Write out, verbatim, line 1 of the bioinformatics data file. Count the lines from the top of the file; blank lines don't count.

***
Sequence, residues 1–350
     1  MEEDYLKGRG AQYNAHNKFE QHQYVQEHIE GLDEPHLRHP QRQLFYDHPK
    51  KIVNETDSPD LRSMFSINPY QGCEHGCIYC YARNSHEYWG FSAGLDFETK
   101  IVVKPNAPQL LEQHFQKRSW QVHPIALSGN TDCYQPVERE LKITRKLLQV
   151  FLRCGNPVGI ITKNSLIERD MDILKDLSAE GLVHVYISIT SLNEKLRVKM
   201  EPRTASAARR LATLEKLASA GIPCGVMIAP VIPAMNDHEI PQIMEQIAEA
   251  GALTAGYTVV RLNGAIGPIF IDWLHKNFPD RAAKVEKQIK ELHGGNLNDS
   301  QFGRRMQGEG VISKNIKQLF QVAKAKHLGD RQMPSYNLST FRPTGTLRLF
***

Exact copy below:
Sequence, residues 1–350